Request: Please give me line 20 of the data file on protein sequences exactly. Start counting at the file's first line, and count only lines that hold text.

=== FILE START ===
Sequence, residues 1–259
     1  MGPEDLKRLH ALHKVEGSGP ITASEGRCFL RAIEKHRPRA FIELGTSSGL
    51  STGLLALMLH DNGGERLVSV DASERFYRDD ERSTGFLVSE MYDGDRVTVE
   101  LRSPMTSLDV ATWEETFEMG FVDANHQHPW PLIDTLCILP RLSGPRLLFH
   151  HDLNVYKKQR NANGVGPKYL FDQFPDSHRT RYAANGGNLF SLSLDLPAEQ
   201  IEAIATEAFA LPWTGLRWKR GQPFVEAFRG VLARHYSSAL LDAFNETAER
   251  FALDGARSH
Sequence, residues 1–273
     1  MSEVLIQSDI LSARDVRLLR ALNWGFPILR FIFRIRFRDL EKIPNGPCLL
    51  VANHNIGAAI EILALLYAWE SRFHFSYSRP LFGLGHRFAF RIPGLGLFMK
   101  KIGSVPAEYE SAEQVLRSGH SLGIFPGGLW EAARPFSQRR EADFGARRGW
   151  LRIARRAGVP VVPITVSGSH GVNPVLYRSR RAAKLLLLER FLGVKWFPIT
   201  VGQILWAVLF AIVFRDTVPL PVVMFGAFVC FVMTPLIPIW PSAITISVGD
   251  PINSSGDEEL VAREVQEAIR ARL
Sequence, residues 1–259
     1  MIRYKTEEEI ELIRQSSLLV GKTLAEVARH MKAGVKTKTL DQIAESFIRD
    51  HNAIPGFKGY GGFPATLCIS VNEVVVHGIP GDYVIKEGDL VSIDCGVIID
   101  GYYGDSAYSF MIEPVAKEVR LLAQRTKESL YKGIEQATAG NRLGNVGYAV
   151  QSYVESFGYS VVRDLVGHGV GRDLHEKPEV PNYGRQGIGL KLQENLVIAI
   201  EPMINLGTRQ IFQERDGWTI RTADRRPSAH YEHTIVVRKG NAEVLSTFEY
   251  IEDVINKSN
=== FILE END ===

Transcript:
   201  EPMINLGTRQ IFQERDGWTI RTADRRPSAH YEHTIVVRKG NAEVLSTFEY